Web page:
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Former good article nominee Disinformation was a Warfare good articles nominee, but did not meet the good article criteria at the time. There are suggestions below for improving the article. Once these issues have been addressed, the article can be renominated. Editors may also seek a reassessment of the decision if they believe there was a mistake.
Article milestones
Date Process Result
January 18, 2017 Guild of Copy Editors Copyedited
February 15, 2017 Good article nominee Not listed
January 22, 2017 Guild of Copy Editors Copyedited
Current status: Former good article nominee

word "defraud" in lede[edit]

wouldn't it be better to say "deceive"? Defraud implies a financial loss, which is not always the case. Normally I would just make the change, but it's the lede and I know from adjoining articles (and this page) that there is discussion about scope Elinruby (talk) 00:30, 18 January 2017 (UTC)

  • Also, I rewrote the definition in etymology. I believe it's a clarification and amplification which does not change the meaning of the sentence, but this is also a fairly important part of the article so I am notifying interested editors. Elinruby (talk) 00:39, 18 January 2017 (UTC)
    • Thank you, "deceive" works better. Sagecandor (talk) 16:49, 1 June 2017 (UTC)

"Misinformation and Disinformation" Image[edit]

Are we serious with this graphic? An assortment of headlines about the president used as the category image for "Disinformation"? At this point, I think one of two things should happen: 1) find a neutral image that doesn't further the American left's obsession with the national tally of votes and frantic conspiracy theories of how the president got elected (preferred) 2) register a new domain name "leftipedia" or "" and transfer all data from Wikipedia to the new domain name. This stuff is getting worse and worse. It was bad before the election, but now, nobody's even trying to hide the cloud of liberalism over this once-relatively balanced project. (talk) 01:52, 28 January 2017 (UTC)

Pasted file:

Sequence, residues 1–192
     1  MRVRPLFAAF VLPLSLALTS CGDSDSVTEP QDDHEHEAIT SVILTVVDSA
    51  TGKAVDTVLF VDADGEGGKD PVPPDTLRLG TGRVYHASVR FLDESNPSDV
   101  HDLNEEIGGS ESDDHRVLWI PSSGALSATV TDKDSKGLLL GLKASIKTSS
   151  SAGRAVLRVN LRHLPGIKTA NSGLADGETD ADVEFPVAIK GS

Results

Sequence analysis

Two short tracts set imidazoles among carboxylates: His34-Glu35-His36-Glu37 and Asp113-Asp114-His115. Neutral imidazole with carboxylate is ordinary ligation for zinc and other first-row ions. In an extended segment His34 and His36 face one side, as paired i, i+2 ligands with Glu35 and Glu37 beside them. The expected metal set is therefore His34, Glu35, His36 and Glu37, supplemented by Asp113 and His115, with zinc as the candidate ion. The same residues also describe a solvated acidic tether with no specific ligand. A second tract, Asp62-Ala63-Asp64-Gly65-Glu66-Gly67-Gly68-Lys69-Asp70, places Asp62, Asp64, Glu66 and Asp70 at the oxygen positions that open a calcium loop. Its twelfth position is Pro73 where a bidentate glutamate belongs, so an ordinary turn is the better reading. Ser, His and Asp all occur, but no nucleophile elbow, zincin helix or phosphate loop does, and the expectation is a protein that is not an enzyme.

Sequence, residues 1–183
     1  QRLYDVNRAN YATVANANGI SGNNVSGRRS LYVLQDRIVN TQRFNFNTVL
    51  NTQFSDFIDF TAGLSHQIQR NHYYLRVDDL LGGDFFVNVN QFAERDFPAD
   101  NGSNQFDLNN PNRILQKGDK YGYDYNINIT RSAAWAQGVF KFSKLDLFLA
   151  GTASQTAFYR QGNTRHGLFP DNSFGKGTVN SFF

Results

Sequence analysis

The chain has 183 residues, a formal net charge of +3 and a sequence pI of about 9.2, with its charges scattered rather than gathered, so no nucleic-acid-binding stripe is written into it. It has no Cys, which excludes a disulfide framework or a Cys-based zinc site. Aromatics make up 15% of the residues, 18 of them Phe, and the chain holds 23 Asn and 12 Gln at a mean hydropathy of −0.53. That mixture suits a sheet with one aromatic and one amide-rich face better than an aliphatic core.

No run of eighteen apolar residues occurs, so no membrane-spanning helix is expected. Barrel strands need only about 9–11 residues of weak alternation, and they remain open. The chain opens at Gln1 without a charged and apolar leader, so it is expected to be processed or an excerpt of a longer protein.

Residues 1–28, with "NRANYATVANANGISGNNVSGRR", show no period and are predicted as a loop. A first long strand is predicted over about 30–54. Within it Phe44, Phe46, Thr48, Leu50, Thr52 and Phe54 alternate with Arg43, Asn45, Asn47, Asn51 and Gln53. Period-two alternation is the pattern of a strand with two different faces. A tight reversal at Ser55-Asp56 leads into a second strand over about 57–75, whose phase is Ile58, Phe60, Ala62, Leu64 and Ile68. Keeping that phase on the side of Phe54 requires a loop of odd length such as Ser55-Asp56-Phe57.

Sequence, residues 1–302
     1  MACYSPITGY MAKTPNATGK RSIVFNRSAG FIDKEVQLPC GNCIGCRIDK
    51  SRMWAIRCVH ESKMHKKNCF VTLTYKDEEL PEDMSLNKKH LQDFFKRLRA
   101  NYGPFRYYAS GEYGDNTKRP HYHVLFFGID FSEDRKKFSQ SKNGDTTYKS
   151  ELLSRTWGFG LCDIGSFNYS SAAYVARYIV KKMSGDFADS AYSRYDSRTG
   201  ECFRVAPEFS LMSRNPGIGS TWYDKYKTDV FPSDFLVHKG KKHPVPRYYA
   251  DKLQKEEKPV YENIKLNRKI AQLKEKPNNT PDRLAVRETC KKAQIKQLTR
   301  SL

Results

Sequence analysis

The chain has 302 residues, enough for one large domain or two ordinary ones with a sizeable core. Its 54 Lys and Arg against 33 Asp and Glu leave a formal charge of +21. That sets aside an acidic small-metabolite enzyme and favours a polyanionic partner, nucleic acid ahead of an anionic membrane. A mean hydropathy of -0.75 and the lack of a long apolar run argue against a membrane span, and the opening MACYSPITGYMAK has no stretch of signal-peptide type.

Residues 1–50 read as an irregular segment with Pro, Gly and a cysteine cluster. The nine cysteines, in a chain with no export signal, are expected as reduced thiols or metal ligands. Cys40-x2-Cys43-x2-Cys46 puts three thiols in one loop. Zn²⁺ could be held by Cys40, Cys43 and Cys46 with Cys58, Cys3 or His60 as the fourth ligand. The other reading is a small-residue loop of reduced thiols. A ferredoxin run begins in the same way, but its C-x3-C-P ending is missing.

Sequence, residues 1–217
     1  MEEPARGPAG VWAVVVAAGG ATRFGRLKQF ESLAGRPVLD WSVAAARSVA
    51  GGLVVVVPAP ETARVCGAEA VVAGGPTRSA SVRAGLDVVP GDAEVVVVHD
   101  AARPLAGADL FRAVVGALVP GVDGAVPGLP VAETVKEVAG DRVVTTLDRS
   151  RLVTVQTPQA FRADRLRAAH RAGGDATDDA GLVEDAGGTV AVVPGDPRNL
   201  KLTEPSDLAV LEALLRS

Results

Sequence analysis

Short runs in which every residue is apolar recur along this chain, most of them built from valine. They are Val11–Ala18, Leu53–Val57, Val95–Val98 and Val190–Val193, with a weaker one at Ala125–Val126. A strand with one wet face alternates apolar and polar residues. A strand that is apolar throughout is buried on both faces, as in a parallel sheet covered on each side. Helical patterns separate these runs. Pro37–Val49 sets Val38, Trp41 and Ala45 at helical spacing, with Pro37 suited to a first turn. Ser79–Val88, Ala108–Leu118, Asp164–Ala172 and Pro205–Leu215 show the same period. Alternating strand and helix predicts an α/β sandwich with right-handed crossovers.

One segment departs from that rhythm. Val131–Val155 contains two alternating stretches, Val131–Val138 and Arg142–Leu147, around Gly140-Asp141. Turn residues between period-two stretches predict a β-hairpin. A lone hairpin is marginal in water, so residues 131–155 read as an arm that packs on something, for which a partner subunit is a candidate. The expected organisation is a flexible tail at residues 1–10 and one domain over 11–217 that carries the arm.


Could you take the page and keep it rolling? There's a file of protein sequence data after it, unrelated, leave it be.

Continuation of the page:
Centralized discussion about this image in this template, at Template talk:Misinformation. Sagecandor (talk) 21:50, 23 February 2017 (UTC)

Why it is not taken down yet?! This is clearly political message and not neutral — Preceding unsigned comment added by (talk) 16:49, 7 April 2017 (UTC)

Discussion not here but at Template talk:Misinformation for the template. Sagecandor (talk) 16:44, 1 June 2017 (UTC)

The lede gives long history summary but does not mention modern usage of the word "disinformation"[edit]

The lede gives a long summary of the history of disinformation (Including cites) but the info is repeated in more detail further on. I am tempted to do some serious trimming. The lede says nothing about the broader current day usage of the word mentioned in disinformation#English language spread. Also disinformation#English language spread is tucked away close to the end of the article. Most people would probably want to know about the current usage of the word rather than get bogged down in its history. Disinformation (history) could be a separate article with just a short summary of history in disinformation. --Penbat (talk) 10:06, 4 March 2017 (UTC)

Just another thought, IMO the history stuff in the article is just too detailed and long winded for many. But as indicated at talk:Disinformation#GA_Review some history including more recent US history is not covered at all.--Penbat (talk) 20:49, 6 March 2017 (UTC)

In recent times "dsinformation" may basically approximate to a preferred synonym for "propoganda". Disinformation is an intentional body of false information tailored to deceive a particular audience in any context. --Penbat (talk) 20:10, 22 March 2017 (UTC)

History updated to reflect chronology from 1920s to 2001. Sagecandor (talk) 16:41, 1 June 2017 (UTC)
Added the term became synonymous with propaganda. From source, Cunningham. Sagecandor (talk) 16:42, 1 June 2017 (UTC)

June 2017 copyedit[edit]

I think this is a great article, a very interesting read, and an enormous improvement from the mess this was back around 2005–2007. My changes were fairly minor and I don't mind if any of them are reverted. Some notes: